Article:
The Physical-Buttons Edition Sunday, July 30, 2017

The iPod Shuffle’s Death Marks The End Of An Era For Physical Buttons, by Chaim Gartenberg, The Verge

Yet, at the end of the day, I’ll miss the shuffle. Perhaps out of a sense of nostalgia. But also because its physical buttons were the last relic of a more tangible era of mobile devices.

The iPod Shuffles Into The Sunset, by M.G. Siegler, 500ish Words

But a not insignificant part of me misses the svelteness and simplicity of that first iPod shuffle. It did one thing, and it did it perfectly. As a kid who grew up rewinding tapes and hauling around CDs, it was magic.


This Ingeniously Simple Device Could Help Kids And Even Adults Learn To Code, by Daniel Howley, Yahoo

The Pixel Kit is an educational tool designed to help anyone from kids as young as 6 all the way up to adults learn the basics of coding. And while not every kid will fall in love with it — it’s not a fidget spinner, after all — the Pixel Kit is an ingeniously simple device that helps marry the physical and digital worlds using a simple lightbox.

Hands On: FileMaker Pro 16 Adds Design And Integration Features To Long-time Mac Database App, by Mike Wuerthele, AppleInsider

Existing users can and should just go right ahead and update. People considering it for the first time may not see anything utterly compelling in the new features, but each improvement adds to an already world-class application.

FileMaker Pro is more than an application, really. It's sold now as a whole platform where every bit of it both online and off sees improvements over each iteration.

Hands On: Default Folder X For macOS Transforms How You Use And Retrieve Documents, by Mike Wuerthele and William Gallagher, AppleInsider

You open and save documents on your Mac all day long. Default Folder X is the latest version of a long-running app, and still makes it faster to find what you're after and to choose where to keep them. In its latest version, Default Folder X 5.1.5 handles those minimized Save dialogs that Apple is so fond of.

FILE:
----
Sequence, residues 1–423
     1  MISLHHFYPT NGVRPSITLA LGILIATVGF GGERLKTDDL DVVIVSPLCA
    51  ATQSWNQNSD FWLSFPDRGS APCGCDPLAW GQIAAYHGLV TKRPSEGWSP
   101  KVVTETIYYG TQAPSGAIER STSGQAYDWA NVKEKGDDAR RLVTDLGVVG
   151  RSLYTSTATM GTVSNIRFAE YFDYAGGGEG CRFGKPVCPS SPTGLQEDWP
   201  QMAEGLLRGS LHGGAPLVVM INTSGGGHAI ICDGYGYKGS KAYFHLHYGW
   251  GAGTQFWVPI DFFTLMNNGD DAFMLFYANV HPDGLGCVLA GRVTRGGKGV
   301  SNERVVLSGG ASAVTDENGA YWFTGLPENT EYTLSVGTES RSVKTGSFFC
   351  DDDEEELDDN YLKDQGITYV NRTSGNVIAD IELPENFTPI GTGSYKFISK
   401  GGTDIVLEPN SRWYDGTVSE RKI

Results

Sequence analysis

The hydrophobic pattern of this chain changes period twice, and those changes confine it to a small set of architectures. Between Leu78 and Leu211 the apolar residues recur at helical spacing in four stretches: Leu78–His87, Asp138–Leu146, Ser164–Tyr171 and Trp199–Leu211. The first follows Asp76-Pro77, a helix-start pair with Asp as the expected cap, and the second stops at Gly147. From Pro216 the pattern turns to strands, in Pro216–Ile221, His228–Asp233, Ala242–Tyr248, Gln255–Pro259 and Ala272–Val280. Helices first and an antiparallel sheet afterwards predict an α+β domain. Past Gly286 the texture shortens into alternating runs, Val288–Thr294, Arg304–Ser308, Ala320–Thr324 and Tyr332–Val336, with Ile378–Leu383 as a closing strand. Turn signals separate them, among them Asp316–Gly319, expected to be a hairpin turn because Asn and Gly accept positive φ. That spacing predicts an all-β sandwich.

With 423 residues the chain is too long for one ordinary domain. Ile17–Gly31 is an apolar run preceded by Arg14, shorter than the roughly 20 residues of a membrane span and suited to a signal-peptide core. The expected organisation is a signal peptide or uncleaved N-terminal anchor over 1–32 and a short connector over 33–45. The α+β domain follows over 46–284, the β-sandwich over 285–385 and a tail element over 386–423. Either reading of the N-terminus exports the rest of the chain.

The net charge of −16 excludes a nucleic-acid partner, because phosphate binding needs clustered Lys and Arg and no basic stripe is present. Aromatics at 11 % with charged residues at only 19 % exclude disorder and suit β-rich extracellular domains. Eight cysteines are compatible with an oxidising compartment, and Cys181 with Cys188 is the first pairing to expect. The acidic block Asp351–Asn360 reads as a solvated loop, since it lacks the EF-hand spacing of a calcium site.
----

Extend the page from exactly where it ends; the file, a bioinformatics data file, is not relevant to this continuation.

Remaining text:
Sanity-saving Apps For New Mums, by Free Press Journal

As a new mommy, you are probably juggling time between looking after your baby, taking a tiny bit out for yourself, and trying to squeeze in some for your chores or office work. Of course, it is not possible to manage everything yourself, and sometimes, a little help can make a big difference! With technology having seeped into almost facets of our life, have you ever thought about using your phone to assist you with your mommy duties? And, if you own a smartphone, there are many parenting apps that could you get started!


A Look Into NASA’s Coding Philosophy, by Abner Coimbre, Student Voices

The story of the agency is well-known, which is that the space program may suffer irreversible consequences if any of its software is incorrect, among them death. The shock of that reality has allowed them to develop a certain attitude towards programming. It could be instructive to take a look at what they value.

With some years of work there, I wish to provide a first-hand account on the philosophy that’s allowed the space agency to produce some of the world’s most reliable software, and I’ll frame their attitude towards programming with a set of four assumptions I think they make for programmers in the workforce (and which I have experienced directly.)

Bottom of the Page

Yes, I continue to wish there is a physical play/pause button on my iPhone.


Just finished reading: The Long Way to a Small, Angry Planet by Becky Chambers. A breezy read for me, perhaps because I am trying to not to think of the realities I am residing in.


I wish I can take one feature from podcast player A, one feature from podcast player B, and another feature from podcast player C, mix them up, and create my perfect podcast player.

Remember the promises of OpenDoc? Of course, something like OpenDoc will never work in a sand-boxed environment like iOS.


Thanks for reading.